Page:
After the detrempe has chilled 30 minutes, turn it out onto a lightly floured surface. Roll the dough into a rectangle approximately 18 x 13 inches and ¼ inch thick. The dough may be sticky, so keep dusting it lightly with flour. Spread the butter evenly over the center and right thirds of the dough. Fold the left edge of the detrempe to the right, covering half of the butter. Fold the right third of the rectangle over the center third. The first turn has now been completed. Mark the dough by poking it with your finger to keep track of your turns, or use a sticky and keep a tally. Place the dough on a baking sheet, wrap it in plastic wrap, and refrigerate for 30 minutes.
Place the dough lengthwise on a floured work surface. The open ends should be to your right and left. Roll the dough into another approximately 13 x 18 inch, ¼-inch-thick rectangle. Again, fold the left third of the rectangle over the center third and the right third over the center third. No additional butter will be added as it is already in the dough. The second turn has now been completed. Refrigerate the dough for 30 minutes.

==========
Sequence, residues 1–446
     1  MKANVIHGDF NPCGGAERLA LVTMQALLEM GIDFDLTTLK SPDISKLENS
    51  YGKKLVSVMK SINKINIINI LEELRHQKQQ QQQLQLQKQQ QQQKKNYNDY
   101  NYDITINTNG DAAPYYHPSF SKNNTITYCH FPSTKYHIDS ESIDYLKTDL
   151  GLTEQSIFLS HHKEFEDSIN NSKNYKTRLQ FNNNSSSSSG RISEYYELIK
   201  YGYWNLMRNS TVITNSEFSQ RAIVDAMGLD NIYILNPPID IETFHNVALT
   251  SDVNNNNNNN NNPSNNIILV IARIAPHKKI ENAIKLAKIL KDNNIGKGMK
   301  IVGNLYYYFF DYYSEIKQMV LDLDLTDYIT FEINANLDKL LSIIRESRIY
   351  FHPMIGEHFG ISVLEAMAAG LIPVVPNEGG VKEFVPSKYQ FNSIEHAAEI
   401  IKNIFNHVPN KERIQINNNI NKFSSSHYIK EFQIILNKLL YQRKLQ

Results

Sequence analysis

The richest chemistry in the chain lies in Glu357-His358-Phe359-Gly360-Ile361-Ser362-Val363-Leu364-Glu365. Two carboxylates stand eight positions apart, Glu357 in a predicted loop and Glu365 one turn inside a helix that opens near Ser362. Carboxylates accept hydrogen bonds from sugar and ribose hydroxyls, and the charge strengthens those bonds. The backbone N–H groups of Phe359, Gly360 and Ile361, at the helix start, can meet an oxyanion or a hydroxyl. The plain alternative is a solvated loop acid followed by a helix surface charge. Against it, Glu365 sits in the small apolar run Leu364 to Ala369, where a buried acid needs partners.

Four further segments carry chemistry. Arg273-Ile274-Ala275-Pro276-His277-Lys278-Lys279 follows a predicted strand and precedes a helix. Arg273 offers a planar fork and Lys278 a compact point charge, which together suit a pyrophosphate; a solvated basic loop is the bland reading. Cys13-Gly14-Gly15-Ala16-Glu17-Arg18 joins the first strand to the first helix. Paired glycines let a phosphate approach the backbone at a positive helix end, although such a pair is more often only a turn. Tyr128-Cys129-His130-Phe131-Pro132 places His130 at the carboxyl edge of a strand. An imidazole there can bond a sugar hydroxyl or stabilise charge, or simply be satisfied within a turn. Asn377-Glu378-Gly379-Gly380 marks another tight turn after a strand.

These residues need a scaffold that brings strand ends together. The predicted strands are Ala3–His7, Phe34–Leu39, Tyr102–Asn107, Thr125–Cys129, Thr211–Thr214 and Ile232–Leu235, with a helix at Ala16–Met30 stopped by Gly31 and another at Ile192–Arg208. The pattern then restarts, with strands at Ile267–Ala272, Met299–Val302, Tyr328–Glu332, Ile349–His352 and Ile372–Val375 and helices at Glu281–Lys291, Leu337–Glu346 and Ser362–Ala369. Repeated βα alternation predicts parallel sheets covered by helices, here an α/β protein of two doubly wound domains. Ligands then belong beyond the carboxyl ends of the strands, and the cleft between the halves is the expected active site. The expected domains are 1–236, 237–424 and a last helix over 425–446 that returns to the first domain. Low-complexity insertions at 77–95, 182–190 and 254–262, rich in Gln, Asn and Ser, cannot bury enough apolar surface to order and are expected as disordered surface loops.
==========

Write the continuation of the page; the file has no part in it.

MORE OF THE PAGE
Roll out, turn, and refrigerate the dough two more times, for a total of four single turns. Make sure you are keeping track of your turns. Refrigerate the dough after the final turn for at least 5 hours or overnight. The Danish dough is now ready to be used. If you will not be using the dough within 24 hours, freeze it. To do this, roll the dough out to about 1 inch in thickness, wrap tightly in plastic wrap, and freeze. Defrost the dough slowly in the refrigerator for easiest handling. Danish dough will keep in the freezer for up to 1 month.
Makes enough for two braids
4 Fuji or other apples, peeled, cored, and cut into ¼-inch pieces
1/2 cup sugar
1 tsp. ground cinnamon
1/2 vanilla bean, split and scraped
1/4 cup fresh lemon juice
4 tablespoons unsalted butter